On being fluid
Zygmunt Bauman nailed it years ago. Liquid is the new solid. The first modernity sought to erect solid, eternal buildings. Ideas, factories, ideologies were supposed to last forever. The larger, the mightier. The mightier, the better. And then it all changed.
An unintelligible amalgamation of instant communication and massive deregulation gave rise to an unprecedented explosion in complexity at all levels. Every aspect of our lives suddenly began to liquify. Fluids adapt without delay nor resistance. Liquids not just elude the solid, but they also erode it.
Most of what we learn and practice about work organization today is still deeply rooted in solid ideas. Mid-term planning, infatuation for the rule, illusion of control on people and outcome, fascination for the expert, centralization of power. A relic called management so many cling to, perhaps for lack of a trustworthier god.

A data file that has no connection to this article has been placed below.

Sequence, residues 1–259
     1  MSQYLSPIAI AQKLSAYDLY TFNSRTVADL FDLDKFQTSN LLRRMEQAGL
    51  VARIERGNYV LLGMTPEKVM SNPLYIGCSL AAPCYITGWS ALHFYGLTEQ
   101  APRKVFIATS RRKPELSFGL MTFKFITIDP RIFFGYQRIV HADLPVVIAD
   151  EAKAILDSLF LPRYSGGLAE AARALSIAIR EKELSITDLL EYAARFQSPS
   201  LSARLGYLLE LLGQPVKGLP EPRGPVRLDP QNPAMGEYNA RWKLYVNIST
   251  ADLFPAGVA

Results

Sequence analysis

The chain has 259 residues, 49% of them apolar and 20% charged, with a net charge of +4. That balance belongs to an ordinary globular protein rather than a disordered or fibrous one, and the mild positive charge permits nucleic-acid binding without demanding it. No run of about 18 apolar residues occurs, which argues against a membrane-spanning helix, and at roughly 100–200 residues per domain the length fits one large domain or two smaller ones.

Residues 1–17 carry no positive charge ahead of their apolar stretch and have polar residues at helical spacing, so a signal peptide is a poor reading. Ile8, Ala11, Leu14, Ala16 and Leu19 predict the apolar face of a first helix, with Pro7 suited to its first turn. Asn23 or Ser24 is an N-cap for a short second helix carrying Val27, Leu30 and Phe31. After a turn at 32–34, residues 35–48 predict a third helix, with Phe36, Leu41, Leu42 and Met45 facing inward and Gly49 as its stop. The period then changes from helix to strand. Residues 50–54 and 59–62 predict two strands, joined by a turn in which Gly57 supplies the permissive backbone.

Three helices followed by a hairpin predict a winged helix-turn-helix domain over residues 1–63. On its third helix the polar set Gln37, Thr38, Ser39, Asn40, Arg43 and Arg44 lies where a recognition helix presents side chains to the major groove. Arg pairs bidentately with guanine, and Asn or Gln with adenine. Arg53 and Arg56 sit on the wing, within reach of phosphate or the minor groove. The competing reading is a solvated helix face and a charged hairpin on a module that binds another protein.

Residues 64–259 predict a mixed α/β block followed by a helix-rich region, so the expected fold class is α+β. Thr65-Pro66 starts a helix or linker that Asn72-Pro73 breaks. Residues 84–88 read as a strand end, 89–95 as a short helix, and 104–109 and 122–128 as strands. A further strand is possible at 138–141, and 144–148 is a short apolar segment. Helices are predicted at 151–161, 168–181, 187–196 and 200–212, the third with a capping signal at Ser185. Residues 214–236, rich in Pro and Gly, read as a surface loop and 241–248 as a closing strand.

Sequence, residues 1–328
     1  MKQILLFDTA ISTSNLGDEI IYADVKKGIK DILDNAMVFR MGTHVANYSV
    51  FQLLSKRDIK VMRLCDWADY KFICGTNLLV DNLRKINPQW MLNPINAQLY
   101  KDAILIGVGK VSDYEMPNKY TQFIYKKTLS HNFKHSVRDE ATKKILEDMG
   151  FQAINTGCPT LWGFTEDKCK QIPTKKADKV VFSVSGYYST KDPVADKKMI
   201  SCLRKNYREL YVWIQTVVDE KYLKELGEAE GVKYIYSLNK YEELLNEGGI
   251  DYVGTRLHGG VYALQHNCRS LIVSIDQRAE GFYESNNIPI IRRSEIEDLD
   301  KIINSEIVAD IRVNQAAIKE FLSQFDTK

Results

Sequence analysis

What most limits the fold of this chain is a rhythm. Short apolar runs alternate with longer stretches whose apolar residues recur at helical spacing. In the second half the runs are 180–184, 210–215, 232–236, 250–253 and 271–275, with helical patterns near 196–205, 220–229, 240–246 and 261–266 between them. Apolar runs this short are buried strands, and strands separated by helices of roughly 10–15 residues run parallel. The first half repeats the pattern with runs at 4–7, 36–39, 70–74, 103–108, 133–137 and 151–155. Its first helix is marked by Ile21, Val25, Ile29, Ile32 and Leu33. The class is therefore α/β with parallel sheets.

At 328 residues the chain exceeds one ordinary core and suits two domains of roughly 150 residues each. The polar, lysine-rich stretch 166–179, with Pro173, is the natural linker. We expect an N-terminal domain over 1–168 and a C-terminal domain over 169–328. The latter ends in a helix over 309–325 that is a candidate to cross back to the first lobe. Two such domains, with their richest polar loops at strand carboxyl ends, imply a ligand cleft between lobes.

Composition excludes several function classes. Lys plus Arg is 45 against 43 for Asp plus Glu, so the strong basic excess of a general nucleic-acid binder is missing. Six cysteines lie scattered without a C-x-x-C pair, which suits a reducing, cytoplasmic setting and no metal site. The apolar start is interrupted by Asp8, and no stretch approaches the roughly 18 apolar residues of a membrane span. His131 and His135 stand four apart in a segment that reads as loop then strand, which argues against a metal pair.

We’d like to swim with the current, help others from sinking to the bottom, and help erode the decrepit edifice of management, all at once. Our humble attempt is called liqueed. Alea jacta est.